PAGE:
Of course, the British papers called him "a pirate," even when he made every effort to fight like a gentleman, and worthy opponents recognized that.
But, he was not the humble, warm, patient, and fatherly "Cap'n." So calling him "Father of the Navy" seems like faint praise, given his self-assuredness.
But he's the one who could pull off audacious stunts. Like the time when he rowed, under cover of night, to an enemy ship and painted a target on the hull so that his men would know which one to hit in the morning.
Some people remember the line "I have not yet begun to fight" as being the brave rejoinder of the scrappy skipper of an outmatched boat, to an opposing captain's query ("Do you ask for quarter?" roughly:'Will you beg for clemency as you surrender?').
According to Jones, he had no idea what the captain of the Serapis was talking about, since the battle seemed to be going on quite well, what with his firing three cannon by himself and all. He answered, "Je ne songe point a me rendre, mais je suis determiné a vous faire demander quartier."
Basically: "The idea hadn't occurred to me, but I am pretty set on you asking ME for clemency as YOU surrender."
A little more smart-ass in any case.
Captain John Paul Jones by Newell Convers Wyeth

On the floor in front of his tomb in the United Naval Academy Chapel, Annapolis, Maryland, is this inscription:


Friday, July 4, 2008


Come and take a walk with me
through this green and growing land
Walk through the meadows and the mountains and the sand
Walk through the valleys and the rivers and the plains
Walk through the sun and walk through the rain

Here is a land full of power and glory
Beauty that words cannot recall
Oh, her power shall rest on the strength of her freedom
Her glory shall rest on us all

From Colorado, Kansas, and the Carolinas, too
Virginia and Alaska, from the old to the new
Texas and Ohio and the California shore
Tell me, who could ask for more?

Yet she's only as rich as the poorest of her poor
Only as free as the padlocked prison door
Only as strong as our love for this land
Only as tall as we stand

But our land is still troubled by men who have to hate
They twist away our freedom
And they twist away our fate
Fear is their weapon and treason is their cry
We can stop them if we try

Thursday, July 3, 2008

Enjoy The Fourth of July.
Or RadioStars™ will call you a "Commie"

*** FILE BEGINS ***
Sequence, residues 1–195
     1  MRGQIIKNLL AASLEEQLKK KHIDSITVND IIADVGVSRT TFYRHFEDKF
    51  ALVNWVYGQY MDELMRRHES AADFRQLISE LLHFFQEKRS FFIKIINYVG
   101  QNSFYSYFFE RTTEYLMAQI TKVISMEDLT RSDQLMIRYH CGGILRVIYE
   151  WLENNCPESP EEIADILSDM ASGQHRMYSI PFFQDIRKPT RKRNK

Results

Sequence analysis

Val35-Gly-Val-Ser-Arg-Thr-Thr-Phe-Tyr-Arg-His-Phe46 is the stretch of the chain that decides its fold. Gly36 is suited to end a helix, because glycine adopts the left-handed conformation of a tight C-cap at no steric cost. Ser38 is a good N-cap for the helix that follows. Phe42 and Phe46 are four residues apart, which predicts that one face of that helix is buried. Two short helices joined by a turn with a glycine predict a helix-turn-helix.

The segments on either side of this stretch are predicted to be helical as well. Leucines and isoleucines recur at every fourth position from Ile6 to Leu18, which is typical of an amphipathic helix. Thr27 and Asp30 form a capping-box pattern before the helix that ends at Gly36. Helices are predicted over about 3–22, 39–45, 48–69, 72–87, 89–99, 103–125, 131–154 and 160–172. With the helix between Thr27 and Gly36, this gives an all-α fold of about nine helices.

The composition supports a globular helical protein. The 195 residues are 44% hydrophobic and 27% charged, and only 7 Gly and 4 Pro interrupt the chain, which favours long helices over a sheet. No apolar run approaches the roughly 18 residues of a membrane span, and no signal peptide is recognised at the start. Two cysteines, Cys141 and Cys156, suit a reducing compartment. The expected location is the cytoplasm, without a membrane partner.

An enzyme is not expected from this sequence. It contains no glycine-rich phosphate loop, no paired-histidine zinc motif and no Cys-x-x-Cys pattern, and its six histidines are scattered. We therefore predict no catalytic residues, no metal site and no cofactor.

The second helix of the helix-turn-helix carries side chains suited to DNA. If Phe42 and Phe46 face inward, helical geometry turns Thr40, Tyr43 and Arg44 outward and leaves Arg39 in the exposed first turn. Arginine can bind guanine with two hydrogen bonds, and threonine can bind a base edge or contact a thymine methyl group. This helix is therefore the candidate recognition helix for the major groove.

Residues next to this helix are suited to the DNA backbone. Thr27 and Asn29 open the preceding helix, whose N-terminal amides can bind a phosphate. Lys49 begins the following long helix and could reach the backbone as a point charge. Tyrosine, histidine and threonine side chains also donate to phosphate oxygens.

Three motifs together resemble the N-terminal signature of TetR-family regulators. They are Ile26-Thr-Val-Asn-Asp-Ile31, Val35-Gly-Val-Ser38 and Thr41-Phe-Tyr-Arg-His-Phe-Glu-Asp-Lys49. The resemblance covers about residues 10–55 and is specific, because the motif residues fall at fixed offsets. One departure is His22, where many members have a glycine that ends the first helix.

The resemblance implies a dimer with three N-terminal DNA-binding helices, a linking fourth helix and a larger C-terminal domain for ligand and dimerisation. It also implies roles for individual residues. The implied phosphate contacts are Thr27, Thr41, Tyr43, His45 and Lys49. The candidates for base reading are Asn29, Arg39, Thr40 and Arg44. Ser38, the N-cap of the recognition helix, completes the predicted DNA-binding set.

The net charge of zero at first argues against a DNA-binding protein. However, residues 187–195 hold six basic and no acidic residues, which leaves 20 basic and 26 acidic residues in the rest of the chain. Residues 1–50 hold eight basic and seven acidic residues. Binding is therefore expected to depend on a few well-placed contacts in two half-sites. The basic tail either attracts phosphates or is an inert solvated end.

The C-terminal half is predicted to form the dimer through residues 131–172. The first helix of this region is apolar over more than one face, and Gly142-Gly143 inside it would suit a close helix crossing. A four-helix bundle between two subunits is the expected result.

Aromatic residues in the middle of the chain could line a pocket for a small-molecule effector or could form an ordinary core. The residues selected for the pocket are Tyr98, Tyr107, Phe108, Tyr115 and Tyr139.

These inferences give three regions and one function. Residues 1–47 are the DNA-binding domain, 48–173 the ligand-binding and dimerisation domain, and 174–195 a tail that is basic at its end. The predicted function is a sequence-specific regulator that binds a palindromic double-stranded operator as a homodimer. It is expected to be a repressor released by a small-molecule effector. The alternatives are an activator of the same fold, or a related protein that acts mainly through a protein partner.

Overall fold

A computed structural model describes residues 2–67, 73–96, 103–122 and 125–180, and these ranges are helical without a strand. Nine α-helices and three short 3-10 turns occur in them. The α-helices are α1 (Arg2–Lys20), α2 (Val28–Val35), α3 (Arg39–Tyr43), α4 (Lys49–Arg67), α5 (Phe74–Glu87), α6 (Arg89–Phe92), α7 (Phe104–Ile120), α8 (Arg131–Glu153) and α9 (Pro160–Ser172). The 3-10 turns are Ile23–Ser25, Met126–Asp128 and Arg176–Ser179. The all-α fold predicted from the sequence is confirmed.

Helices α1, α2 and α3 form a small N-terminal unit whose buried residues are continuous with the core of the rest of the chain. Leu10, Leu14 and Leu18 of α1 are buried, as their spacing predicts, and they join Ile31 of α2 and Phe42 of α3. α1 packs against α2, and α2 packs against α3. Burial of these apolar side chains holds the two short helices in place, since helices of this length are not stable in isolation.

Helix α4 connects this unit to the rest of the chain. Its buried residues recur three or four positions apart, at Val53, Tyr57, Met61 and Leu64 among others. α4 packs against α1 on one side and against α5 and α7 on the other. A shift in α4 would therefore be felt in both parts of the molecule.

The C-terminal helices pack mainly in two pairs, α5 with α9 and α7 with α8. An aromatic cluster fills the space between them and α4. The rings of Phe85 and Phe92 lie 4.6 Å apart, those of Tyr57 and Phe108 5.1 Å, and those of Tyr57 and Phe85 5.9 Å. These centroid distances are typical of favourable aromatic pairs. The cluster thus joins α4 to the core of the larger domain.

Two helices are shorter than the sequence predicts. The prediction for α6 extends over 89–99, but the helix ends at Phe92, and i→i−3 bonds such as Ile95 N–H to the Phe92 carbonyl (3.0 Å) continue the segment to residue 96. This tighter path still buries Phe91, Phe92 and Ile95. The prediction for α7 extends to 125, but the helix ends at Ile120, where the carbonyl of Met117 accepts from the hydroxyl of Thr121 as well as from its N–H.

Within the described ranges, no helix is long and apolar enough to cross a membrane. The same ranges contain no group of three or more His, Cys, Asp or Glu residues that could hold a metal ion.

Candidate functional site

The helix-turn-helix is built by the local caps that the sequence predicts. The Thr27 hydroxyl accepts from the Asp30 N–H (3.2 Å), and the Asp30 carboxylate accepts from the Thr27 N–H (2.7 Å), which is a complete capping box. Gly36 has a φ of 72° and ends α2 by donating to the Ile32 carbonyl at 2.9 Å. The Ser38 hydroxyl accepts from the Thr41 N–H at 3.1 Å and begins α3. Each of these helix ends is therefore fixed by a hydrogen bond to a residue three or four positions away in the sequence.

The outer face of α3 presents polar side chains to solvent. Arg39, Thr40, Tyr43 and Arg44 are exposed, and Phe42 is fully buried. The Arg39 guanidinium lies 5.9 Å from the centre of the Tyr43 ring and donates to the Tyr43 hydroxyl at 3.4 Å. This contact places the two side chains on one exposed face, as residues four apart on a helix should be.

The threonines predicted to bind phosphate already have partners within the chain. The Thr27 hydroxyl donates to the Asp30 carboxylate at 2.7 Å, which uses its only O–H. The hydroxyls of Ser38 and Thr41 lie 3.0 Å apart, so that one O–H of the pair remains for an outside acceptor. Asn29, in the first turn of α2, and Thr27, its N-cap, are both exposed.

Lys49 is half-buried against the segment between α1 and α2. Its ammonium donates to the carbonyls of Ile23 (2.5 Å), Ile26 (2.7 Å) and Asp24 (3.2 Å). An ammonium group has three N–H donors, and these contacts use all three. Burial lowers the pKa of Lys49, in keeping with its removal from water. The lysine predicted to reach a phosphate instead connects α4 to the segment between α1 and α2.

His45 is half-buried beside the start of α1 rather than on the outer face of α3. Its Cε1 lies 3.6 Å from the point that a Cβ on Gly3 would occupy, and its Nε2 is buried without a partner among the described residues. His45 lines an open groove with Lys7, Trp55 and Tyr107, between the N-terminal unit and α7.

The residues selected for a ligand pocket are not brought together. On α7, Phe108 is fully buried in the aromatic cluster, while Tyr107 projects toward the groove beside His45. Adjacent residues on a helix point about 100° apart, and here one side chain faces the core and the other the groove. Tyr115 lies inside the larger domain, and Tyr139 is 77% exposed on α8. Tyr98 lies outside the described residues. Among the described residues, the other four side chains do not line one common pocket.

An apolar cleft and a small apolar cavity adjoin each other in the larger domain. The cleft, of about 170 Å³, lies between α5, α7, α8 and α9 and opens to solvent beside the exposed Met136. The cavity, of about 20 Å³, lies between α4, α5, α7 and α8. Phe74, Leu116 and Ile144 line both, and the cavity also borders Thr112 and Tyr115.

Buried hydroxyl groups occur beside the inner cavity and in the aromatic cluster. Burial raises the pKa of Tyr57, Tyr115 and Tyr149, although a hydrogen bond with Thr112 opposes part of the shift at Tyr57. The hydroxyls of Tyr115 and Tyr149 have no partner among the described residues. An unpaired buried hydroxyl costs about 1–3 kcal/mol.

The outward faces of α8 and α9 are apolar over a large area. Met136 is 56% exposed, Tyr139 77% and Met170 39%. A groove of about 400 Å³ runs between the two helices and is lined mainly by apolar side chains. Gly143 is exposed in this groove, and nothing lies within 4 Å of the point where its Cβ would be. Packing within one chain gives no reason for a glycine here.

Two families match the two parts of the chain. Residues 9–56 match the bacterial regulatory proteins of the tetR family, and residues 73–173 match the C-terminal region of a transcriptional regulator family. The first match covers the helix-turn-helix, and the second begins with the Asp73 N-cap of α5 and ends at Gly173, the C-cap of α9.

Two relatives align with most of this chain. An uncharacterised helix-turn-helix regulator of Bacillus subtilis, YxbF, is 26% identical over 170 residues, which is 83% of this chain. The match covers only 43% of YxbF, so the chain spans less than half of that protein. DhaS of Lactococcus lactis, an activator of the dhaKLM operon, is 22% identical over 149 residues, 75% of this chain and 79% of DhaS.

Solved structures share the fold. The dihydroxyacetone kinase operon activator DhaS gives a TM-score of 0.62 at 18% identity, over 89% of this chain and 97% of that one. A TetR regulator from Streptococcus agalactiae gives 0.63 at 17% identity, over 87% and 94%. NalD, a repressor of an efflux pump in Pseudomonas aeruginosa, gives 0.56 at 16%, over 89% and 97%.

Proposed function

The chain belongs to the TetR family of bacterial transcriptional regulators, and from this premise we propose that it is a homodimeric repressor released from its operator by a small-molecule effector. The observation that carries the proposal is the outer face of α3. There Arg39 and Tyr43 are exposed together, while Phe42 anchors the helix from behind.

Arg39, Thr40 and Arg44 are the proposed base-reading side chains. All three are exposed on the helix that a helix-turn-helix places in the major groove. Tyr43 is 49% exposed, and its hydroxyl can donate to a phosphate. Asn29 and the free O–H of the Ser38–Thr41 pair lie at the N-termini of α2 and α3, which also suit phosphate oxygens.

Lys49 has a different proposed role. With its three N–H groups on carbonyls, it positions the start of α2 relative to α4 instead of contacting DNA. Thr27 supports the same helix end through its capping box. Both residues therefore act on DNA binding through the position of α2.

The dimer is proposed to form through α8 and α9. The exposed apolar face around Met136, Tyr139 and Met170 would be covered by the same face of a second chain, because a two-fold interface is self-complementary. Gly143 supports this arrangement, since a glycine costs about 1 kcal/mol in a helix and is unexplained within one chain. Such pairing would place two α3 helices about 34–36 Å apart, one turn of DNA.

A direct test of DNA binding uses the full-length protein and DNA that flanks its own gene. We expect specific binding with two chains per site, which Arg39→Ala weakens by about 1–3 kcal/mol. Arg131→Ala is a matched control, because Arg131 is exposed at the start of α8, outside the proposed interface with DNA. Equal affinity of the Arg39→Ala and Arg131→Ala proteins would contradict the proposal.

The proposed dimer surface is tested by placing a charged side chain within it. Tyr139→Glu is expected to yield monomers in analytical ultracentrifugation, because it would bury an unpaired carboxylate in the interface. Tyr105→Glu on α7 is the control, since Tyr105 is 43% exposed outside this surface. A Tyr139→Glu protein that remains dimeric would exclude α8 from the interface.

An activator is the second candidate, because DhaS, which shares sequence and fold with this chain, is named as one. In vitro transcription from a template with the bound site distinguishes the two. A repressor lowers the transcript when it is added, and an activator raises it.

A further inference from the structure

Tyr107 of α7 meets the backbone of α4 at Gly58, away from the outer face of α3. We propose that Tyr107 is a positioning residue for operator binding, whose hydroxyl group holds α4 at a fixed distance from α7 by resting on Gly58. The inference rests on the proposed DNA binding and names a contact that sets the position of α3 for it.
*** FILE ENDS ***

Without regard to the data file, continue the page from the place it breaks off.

"These cops love them illegals because they'll vote for th' unions, and them cops are all you know democrats 'n' union. You know what I mean."

-- WBSM talk show caller

Last week, we ran up on the sandbar of "Your Vote Is Magic!" (I am not linking to the site, because I was warned by the disclaimer that the info "may not be used, duplicated or distributed without [Lyn's] expressed written consent." Oops, I didn't get permission to print that. Damn.)
I was feeling urpy about promoting this, because I know the participants and I like them and I know that their hearts are in the right place, and I support any effort to get people into the process. Unfortunately, I am always offended by one participant who consistently encourages fear and hate among those who depend on the AM radio for their news and information.
You can't turn on the local AM radio without being subjected to low-brow, low-class, lowest common denominator detritus that washes eventually into the news reports and every other aspect of what is essentially the only immediate source for community information.
"Dese" and "dems" and their codes like "those people" and "elitist." Mispronunciations and misapprehensions do nothing but lower the level of discourse throughout the SouthCoast.
I flip on my radio for weather information and I recognize the voice of some idiot who's fumbling his way through a meteorologist's alert as the same guy who has suggested that a black person shouldn't be president, the same guy who thinks all immigrants should be jailed or deported (or both), the same guy who will not pay another penny in taxes to support his town's schools because he doesn't like teachers' unions, the same guy who doesn't think my friends should get married.
Then there's the caller who doesn't know the difference between a "non-profit business" and a "social program," but insists -- incorrectly -- that both are using his tax money to help criminals buy booze and Cadillacs. There's the caller who thinks that "democrats" are "communists."
The callers and hosts who can't tell "ass" from "elbow."
This is not to say that the wireless is without some hands who know their duty, and perform it admirably. But a ship cannot be rigged with chains starboard and sissal port. Eventually, one snaps and the rig runs off course.
So it bothers me when something as important as voter registration and election information becomes mired in apparent partisanship. The first sign of partisanship is the term "non-partisan." It's a flag that catches my eye instantly, because it means exactly the opposite.